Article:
The search area are shrinking due to improved intelligence.
The USS Kidd has been pulled off, but other US resources are operating.
The latest debris reports is west of Australia - based on Satellite images - nothing has been found, searching continues..
Link to satellite images
AMSA Maps http://www.amsa.gov.au/media/incidents/mh370-search.asp

Mobile phones
We continue to have lots of discussion on "mobile phones" - can the connect in flight, etc.
We don't have any reports or evidence of that any passenger or crew mobile phone has registered with any network.
Until we have that data or reports - I believe the mobile phone discussions are not getting us anywhere.
UPDATE: This subject continues to be discussed. But, we have had no reports of cell phones registering with towers - we are in a loop here.

Most Common Theories. Note - all have problems!
Successful hijacking either with crew complicity or not, followed by controlled flight somewhere. Argument against: most believe we would have found/tracked the aircraft or heard something from the hijackers. Also, actions by passengers.
Unsuccessful hijacking either with crew complicity or not, followed by automatic flight to fuel exhaustion. Argument against: Likely the passengers would know and some action would be taken.
Pilot homicide/suicide followed by controlled or automatic flight till fuel exhaustion. Arguments against: No evidence of motive. Why fly to remote area rather than immediate crash. May require hypoxia to disable cabin crew/passengers.
Mechanical failure that disabled all comms, disabled crew/passengers but left a/c flying in an automatic mode.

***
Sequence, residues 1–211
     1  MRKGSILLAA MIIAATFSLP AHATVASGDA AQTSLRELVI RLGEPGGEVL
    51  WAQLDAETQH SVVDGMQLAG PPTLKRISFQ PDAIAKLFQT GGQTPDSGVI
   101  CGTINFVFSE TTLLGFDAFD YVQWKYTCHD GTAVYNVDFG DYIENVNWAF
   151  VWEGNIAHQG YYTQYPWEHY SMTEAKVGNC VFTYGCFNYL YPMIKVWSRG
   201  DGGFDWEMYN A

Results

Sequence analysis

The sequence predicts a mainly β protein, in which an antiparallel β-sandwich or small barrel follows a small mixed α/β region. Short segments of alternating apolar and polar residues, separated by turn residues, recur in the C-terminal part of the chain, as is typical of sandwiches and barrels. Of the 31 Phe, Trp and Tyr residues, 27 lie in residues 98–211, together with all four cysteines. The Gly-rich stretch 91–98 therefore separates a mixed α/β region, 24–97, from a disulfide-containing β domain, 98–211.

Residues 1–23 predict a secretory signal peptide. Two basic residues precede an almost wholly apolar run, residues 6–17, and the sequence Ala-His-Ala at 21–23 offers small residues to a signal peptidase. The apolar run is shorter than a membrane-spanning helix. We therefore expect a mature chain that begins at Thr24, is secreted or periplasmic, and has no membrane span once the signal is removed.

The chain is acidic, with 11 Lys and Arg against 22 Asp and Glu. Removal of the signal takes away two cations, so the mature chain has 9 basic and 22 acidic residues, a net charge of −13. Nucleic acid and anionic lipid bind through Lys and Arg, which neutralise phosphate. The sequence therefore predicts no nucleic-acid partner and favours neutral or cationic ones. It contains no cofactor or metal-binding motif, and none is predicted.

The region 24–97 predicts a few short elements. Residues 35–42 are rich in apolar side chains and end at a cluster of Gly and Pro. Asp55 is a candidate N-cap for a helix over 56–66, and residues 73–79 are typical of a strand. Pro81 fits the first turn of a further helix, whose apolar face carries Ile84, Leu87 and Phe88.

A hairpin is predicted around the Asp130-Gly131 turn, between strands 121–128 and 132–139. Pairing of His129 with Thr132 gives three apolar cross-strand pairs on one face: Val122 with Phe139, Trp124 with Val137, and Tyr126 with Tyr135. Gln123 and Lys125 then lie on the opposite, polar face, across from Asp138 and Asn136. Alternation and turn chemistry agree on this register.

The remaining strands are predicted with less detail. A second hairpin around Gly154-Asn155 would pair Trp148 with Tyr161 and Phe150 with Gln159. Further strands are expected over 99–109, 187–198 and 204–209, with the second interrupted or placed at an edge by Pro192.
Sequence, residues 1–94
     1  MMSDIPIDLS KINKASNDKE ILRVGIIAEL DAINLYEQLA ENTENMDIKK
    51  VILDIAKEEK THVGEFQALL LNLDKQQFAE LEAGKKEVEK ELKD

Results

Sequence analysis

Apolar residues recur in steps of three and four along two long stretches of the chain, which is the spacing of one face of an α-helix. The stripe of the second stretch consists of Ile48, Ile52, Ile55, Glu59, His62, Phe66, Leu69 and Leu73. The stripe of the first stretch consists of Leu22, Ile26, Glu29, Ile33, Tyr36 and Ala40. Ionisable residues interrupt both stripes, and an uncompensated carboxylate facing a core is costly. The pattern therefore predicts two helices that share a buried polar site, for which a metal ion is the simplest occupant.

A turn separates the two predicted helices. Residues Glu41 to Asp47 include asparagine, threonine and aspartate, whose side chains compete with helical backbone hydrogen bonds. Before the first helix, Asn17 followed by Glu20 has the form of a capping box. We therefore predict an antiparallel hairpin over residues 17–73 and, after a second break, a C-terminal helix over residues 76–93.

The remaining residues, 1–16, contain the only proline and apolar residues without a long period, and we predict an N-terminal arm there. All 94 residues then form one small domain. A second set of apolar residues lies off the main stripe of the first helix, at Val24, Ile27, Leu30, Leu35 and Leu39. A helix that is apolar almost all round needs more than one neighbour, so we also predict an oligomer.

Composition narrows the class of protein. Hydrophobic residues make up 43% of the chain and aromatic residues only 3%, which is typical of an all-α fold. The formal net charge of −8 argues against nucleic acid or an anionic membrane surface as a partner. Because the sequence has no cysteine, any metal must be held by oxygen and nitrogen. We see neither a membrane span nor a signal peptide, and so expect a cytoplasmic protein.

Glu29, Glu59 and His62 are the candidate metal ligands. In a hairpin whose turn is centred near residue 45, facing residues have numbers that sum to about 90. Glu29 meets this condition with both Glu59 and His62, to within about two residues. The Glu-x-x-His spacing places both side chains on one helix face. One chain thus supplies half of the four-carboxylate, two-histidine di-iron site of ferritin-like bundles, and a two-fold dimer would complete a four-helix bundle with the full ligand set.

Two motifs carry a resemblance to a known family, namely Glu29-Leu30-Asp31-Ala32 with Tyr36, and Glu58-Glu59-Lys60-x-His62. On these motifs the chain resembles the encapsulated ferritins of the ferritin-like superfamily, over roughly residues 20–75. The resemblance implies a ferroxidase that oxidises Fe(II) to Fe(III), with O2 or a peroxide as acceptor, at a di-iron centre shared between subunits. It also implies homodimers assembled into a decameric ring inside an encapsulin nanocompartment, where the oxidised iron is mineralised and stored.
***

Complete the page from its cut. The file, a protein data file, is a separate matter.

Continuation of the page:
Hypoxia is a common quoted issue - but hypoxia alone would not disable comms.
Note: it seems most people believe a human agency is involved, but we really have no evidence of that.

Less Common Theories and Conspiracy Theories (simplified)
Other theories that seem less likely or fully improbable - however most are versions of the above.
A fire broke out that incapacitated passengers and crew - but allowed to aircraft to fly on it's own till starvation. This is a form of the Mechanical failure theory based on fire.
The aircraft "shadowed" either a KLM or SIA aircraft to hide from radar then turned off the track and landed.
Freescale engineers have been hijacked for sensitive US data.
There was something in the Cargo worth stealing - which is why it was not screened.
The plane was full of undeclared gold.Gold is very heavy - what would you declare the cargo as?
The US hijacked the 777 using on board FBW technology to fly it like a drone to Diego Garcia (this one wins the insanity case).
There has been a claim by counter terrorist expert that this could be a "cyber hijack" - a malicious attack of a FBW a/c by somebody in the back with a smart phone.